It had been a busy day, mine started early as I had read about a cemetery cleanup in Hillsboro. Yeah, I was actually excited about this. The local paper had said they were looking for volunteers to show up between eight and noon. I had slept in a little and didn’t get there until after nine. By then it was all pretty much done. There was still one gentleman picking up fallen branches, so I grabbed a few and added them to his pile. Another gentleman was tossing bright yellow trash bags into the back of a large pickup truck. Down the hill there was a young lady with a notebook and pen stopping at the occasional grave and writing something down. I grabbed my camera and my official ‘Find-A-Grave’ cap and headed down to see her. She wasn’t a big talker, and my mere presence didn’t seem to impress her much. I did gather that she was identifying veterans’ graves.
The man tossing the trash bags came down and told the lady that he was going to take the trash away but would be back. I asked him if there was anything else I could do to help. No, even with the early showers and a small crew they’d pretty much got done what they needed to do. We chatted for a while, exchanged knowledge, I logged him as a useful resource. It also turned out that he was my insurance agent, Matt Woods. I’d never actually met him before, as Angel handles most of the administrative tasks.
I went on to Walmart to take care of personal items then went home to catch up on emails, Facebook, etc. The Classic movie channel had run an evening of cheesy Mike Hammer (Mickey Spillane) movies made in the 50’s and early 60’s. I had recorded them since coincidentally I had been reading Spillane for the past three or so weeks. Between one of those and an obligatory nap, it was soon time for dinner.
Adam had chosen this week, a place not too far from where he matriculates. (ITT Tech)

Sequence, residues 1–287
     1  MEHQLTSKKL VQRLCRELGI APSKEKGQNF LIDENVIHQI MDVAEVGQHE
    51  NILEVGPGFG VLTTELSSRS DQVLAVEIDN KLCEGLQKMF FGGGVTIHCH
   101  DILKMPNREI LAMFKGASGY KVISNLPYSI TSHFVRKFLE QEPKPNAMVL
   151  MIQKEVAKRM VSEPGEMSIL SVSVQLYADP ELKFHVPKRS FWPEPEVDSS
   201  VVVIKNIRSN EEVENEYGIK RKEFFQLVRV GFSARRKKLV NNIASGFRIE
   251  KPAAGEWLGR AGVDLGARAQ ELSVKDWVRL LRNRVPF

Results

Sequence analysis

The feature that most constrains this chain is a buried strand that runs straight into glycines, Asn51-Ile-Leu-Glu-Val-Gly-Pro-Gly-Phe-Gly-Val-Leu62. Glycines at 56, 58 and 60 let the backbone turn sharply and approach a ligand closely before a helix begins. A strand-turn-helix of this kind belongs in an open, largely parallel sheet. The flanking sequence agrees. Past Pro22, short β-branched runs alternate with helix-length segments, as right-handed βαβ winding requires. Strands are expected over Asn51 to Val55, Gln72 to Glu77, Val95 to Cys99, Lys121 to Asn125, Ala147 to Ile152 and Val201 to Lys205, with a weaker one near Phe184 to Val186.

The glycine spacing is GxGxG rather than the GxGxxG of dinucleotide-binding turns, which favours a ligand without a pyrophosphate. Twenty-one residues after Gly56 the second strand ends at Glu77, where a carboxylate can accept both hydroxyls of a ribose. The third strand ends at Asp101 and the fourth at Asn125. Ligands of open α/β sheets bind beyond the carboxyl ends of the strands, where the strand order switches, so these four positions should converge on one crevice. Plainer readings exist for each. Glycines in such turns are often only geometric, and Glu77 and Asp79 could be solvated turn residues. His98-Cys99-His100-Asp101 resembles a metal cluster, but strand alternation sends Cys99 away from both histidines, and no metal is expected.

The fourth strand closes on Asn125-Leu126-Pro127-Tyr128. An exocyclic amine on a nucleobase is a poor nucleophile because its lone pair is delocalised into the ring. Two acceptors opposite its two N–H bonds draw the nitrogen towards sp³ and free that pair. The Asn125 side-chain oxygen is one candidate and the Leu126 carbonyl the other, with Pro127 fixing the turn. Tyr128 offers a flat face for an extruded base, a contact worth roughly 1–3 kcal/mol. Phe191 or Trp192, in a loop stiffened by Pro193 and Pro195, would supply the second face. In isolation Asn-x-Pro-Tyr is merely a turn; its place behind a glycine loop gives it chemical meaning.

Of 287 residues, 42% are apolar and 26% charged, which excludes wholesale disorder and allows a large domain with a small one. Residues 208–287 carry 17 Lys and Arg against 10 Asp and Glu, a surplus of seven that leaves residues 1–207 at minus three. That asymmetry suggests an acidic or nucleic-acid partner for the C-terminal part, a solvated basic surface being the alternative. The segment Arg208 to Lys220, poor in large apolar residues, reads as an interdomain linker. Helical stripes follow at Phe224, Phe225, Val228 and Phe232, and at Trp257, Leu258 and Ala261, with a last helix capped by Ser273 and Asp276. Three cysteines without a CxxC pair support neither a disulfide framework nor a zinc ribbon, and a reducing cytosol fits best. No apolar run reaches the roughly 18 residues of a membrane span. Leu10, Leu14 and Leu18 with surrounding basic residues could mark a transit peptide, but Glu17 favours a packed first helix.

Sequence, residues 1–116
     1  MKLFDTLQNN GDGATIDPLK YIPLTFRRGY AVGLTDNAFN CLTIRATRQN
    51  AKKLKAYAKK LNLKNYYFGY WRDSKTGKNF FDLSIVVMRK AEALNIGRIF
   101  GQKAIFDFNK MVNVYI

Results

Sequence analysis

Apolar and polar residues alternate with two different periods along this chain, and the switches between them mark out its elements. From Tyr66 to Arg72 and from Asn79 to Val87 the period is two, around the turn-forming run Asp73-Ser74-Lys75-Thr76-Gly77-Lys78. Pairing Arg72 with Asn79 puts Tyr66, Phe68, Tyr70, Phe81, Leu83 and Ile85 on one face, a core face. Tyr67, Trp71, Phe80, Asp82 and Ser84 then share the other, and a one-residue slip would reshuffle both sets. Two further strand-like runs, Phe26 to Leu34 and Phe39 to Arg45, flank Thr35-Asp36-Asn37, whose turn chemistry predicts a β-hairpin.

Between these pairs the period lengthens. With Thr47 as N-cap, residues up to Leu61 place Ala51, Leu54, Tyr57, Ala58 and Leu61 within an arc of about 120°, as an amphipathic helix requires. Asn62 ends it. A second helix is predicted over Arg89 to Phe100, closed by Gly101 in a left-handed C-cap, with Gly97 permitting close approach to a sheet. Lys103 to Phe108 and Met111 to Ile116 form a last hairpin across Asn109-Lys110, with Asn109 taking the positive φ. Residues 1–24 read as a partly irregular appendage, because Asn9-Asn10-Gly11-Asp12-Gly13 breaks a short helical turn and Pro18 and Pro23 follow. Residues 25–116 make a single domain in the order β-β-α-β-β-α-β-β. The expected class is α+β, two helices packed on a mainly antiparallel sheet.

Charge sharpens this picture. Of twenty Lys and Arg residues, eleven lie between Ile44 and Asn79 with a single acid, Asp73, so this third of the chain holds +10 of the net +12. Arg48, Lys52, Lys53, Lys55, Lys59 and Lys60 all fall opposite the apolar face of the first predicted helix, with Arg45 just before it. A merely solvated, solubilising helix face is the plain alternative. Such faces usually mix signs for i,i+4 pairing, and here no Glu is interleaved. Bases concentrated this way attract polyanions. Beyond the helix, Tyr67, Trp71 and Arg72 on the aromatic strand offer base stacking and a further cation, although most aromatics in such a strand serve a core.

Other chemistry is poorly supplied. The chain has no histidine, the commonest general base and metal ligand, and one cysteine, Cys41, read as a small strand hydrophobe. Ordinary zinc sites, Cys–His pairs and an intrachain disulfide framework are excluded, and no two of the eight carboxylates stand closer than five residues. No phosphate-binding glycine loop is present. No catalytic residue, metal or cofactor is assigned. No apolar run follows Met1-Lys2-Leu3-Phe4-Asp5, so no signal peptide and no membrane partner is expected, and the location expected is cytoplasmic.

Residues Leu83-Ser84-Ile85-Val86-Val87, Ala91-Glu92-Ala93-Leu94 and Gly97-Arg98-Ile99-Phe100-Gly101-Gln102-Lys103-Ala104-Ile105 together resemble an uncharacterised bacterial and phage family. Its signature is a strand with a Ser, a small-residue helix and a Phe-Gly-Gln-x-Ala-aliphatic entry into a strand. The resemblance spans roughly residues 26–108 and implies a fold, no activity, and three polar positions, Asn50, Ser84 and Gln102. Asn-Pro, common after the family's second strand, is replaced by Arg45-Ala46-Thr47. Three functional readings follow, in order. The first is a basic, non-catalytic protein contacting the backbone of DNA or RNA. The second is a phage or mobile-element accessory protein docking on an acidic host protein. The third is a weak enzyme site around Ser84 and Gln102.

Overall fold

A small strip mall on a hill above I-55. Adam had spent the day in Arnold with a friend and met us there. As we waited for him we grabbed the menu… Yeah THE menu, there only appeared to be one, and looked it over. I made several observations at this point.
Even though the words ‘Eat In’ appear on the window, they are kidding themselves. Inside the place there was a dining area of about twenty feet by eight feet, half of which was taken up by two video games, one an old fashioned table-style Ms. Pacman, the other had a flat screen and a steering wheel. That left room for only two tables, each with four chairs. There was a baby-toting couple at one table, the other was empty but would be a pain to sit at since two of the four chairs didn’t even have room to pull out all the way.
Also, something I noticed when we first drove up, the front door was propped open. When we stepped in to get the menu, we stepped out to read it over as the heat inside the place was near stifling. There was a ceiling fan churning away at medium speed, but it offered no actual comfort. The entire staff was dripping with sweat as was the baby-laden couple and the baby itself.
Angel and I agreed that we’d take the order ‘to-go’ and find a park somewhere to eat.
Adam showed up and looked over the menu. We made our choices, ordered and passed on the drinks. They only offered Coke, Diet Coke and Sprite as drinks, all in cans. Angel and Adam drove across the street to a Circle K (a convenience store chain) and grabbed fountain drinks for themselves and a bottle of water for me. As they were gone one of the young, female workers found me on the sidewalk.
Angel had ordered pizza, one called the ‘Pride of the House’; Salsiccia (Italian Sausage), Mushroom, Ham and Onion. She also shared an appetizer, teriyaki chicken wings. Adam had ordered the Buffalo Chicken Sandwich. I enjoy diversity and wanted to put this dive through its paces. I ordered spaghetti and meatballs, with a side of garlic bread.
When the young lady found me on the sidewalk, she looked distressed. A manger-type stepped out behind her.